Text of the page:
tions toward upgrading playground
oil they drain from the ﬁlters they collect
equipment as well as offering this
and crush for recycling.
year’s senior class $3,200 in scholar“We still believe we’re the only schoolship money.
based, industrial recycling program in the
nation,” says the teacher. “There are schools who
“I believe this project gives the
kids who participate a sense of belonging, because
recycle, but none we’ve found at this level.”
not only are they recycling for our school and comOver the past few years, the club has received
munity, but they’re doing something that will make
several awards, including the prestigious SeaWorld/
our world a better place for years to come,” says Julie
Busch Garden Environmental Excellence Award,
Terry, an Ozark Electric Cooperative member who
which paid for winning groups to ﬂy to Orlando and
helps out the group by recycling.
pick up the $10,000 cash award.
“Recycling only takes a few extra seconds and
Hoping to see other schools around Missouri and
a fairly small amount of space in your home or
across the country do what they’re doing, the group
garage,” adds Julie. “I have recycled so long that
created “Bringing It Back Around,” a how-to guide
I truly feel guilty if I throw a small receipt in the
that tells other schools how to help students start
their own recycling program. But so far, any interFor hard-core students, the school offers recycling
ested schools have been intimidated when they see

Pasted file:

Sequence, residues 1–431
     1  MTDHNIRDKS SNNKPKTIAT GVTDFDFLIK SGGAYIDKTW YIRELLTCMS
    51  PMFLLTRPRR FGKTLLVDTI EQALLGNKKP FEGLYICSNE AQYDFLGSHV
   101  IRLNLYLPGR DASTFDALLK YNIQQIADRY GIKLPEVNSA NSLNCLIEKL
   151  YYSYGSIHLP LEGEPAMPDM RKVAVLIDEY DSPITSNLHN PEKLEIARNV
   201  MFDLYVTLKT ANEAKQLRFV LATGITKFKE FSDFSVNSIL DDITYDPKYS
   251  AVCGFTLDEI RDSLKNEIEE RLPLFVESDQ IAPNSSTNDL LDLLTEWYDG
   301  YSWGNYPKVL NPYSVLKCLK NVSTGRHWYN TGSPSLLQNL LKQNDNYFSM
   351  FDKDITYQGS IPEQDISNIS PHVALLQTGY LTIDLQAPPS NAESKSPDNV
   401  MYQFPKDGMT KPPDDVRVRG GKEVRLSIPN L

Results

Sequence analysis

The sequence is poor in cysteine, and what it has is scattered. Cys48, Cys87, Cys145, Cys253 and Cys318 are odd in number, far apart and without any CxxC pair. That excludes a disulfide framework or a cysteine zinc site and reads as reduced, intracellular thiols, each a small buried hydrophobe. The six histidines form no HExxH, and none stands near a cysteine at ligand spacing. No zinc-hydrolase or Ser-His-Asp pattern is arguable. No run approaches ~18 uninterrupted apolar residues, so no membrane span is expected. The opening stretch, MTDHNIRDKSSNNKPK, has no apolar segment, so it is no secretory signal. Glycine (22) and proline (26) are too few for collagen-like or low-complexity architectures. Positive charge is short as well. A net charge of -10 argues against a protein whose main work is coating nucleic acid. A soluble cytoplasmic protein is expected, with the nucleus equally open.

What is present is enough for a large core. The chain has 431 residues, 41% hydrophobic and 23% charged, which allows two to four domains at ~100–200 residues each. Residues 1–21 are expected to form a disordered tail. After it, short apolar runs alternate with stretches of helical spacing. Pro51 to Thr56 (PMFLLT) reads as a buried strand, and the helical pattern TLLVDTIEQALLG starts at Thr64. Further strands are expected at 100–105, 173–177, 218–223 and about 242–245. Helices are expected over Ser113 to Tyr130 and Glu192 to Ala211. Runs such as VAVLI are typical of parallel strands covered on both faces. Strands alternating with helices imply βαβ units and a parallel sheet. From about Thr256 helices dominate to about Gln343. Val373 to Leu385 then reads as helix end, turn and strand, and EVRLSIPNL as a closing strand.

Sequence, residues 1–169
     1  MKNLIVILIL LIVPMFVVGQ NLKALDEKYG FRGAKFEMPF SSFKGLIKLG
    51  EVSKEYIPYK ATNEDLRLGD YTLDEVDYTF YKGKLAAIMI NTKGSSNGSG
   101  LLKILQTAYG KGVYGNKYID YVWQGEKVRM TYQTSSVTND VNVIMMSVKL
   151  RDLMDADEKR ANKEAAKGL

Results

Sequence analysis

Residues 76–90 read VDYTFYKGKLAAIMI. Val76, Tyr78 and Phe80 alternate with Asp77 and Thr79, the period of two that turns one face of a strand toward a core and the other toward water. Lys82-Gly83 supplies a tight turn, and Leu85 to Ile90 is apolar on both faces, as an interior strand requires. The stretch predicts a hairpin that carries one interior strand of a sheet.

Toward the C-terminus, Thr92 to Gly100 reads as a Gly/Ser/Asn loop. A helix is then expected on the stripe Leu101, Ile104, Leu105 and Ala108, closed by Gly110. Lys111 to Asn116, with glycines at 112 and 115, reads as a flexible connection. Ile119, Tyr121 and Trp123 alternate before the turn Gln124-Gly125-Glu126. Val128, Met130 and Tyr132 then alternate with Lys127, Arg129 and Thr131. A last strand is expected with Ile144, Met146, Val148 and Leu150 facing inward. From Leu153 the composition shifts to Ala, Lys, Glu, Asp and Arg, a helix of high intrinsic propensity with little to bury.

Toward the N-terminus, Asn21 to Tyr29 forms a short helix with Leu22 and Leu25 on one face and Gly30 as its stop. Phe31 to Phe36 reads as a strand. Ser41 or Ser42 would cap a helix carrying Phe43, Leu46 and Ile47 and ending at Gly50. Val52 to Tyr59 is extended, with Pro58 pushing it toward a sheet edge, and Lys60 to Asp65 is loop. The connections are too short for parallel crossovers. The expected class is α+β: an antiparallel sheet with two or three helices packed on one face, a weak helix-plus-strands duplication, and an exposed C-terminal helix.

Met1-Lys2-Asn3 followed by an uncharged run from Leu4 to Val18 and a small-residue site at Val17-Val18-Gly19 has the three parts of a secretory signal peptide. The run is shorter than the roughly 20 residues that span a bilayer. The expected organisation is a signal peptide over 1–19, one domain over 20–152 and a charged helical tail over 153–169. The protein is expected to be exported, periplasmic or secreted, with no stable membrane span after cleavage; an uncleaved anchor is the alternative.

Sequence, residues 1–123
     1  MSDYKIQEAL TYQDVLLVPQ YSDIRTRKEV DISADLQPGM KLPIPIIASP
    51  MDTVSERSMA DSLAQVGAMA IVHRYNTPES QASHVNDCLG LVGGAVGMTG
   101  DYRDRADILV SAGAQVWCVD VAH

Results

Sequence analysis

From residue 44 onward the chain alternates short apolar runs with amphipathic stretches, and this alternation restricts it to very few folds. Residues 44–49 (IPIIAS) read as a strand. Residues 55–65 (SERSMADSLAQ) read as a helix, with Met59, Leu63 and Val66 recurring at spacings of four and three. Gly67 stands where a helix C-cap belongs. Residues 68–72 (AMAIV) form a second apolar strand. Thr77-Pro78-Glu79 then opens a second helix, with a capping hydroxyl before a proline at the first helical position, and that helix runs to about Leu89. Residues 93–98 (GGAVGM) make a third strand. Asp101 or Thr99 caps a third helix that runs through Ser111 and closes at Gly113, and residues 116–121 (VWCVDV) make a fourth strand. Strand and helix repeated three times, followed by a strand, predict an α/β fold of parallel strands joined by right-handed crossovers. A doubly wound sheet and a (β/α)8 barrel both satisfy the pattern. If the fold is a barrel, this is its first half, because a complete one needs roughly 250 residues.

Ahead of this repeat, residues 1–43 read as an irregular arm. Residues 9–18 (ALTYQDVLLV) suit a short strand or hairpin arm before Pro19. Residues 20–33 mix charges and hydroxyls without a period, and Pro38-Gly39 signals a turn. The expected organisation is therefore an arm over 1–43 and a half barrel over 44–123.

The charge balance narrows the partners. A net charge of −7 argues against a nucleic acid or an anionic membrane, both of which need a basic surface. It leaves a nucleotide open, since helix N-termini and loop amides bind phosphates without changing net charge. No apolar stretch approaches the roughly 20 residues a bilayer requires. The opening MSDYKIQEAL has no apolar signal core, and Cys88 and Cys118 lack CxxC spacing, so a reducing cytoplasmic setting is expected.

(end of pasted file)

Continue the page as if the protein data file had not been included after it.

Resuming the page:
classes each school day. The school is even talking
Purdy’s building, equipment and all they handle.
about offering a high school class for credit this sumCurrently, more than 20 high school students and
mer, if they can raise money for two teachers.
nearly 40 middle
With all of the recycling the center
has managed, Gerry says it’s sad to
know that there’s a lot more that
could be done — both to help the
kids raise money and
help the community.
“We’ve long thought
that a quarter million
dollars in recyclable materials leaves the school district in
the trash each year. On our best
year, we’ve only gotten about $6,000
of that,” says Gerry.
The teacher says for this to happen,
the center will need to add a
few things — a more
convenient dropoff center, as
well as upgraded
forklifts and processing machines.
But the biggest
need is the easiest
need to answer.
“We need everyone’s
stuff,” says Isel. “What you
think is trash helps us make
money which we give back to
the community in one form or
another. It comes full circle.”
Left: Daniel Burke, Abigail Ibarra, Isbel Ibarra and Isel Ibarra, help
prepare cardboard boxes for recycling. Center: Art students Susan
Vang, left, and Sarah Ly bring their paper scraps to the recycling center.
Right: Bailey Miller and Daniel Burke drain the oil ﬁlters picked up from
businesses before compacting them for recycling purposes. The center
recycles the ﬁlter oil to run their furnace in the shop.
For more information, contact Gerry
Wass via e-mail at gerry@purdyK12.com or
by calling the high school at 417-4423215.
The club’s 60-page how-to manual,
“Bringing It Back Around: The Story of the
Purdy Recycling Project,” can be purchased
for $25 by schools desiring to pursue their
own industrial recycling program. The club also is
happy to speak to groups about their program.
Table of Contents for the Digital Edition of Rural Missouri - April 2013
Rural Missouri - April 2013
Table of Contents
It’s all about redemption
Best of rural Missouri
Hearth and Home
Marmaduke’s Cape expedition
The soldier’s paper
Rural Missouri - April 2013